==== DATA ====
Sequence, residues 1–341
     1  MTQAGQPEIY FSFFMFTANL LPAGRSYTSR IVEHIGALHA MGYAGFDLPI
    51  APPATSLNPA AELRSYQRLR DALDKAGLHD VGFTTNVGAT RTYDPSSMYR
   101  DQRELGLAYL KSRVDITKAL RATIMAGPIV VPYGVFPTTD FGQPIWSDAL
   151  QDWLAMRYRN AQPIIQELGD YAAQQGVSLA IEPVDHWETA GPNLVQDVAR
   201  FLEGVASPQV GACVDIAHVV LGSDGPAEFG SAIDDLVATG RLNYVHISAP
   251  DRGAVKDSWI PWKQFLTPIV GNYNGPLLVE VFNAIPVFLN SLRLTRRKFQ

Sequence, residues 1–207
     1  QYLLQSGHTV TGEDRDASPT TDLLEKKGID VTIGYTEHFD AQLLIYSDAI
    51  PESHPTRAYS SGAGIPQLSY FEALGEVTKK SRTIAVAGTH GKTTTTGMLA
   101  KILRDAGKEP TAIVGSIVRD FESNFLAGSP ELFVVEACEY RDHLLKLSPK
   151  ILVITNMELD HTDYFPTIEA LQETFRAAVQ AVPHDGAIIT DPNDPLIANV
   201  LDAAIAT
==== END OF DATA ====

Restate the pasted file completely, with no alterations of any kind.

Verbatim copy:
Sequence, residues 1–341
     1  MTQAGQPEIY FSFFMFTANL LPAGRSYTSR IVEHIGALHA MGYAGFDLPI
    51  APPATSLNPA AELRSYQRLR DALDKAGLHD VGFTTNVGAT RTYDPSSMYR
   101  DQRELGLAYL KSRVDITKAL RATIMAGPIV VPYGVFPTTD FGQPIWSDAL
   151  QDWLAMRYRN AQPIIQELGD YAAQQGVSLA IEPVDHWETA GPNLVQDVAR
   201  FLEGVASPQV GACVDIAHVV LGSDGPAEFG SAIDDLVATG RLNYVHISAP
   251  DRGAVKDSWI PWKQFLTPIV GNYNGPLLVE VFNAIPVFLN SLRLTRRKFQ

Sequence, residues 1–207
     1  QYLLQSGHTV TGEDRDASPT TDLLEKKGID VTIGYTEHFD AQLLIYSDAI
    51  PESHPTRAYS SGAGIPQLSY FEALGEVTKK SRTIAVAGTH GKTTTTGMLA
   101  KILRDAGKEP TAIVGSIVRD FESNFLAGSP ELFVVEACEY RDHLLKLSPK
   151  ILVITNMELD HTDYFPTIEA LQETFRAAVQ AVPHDGAIIT DPNDPLIANV
   201  LDAAIAT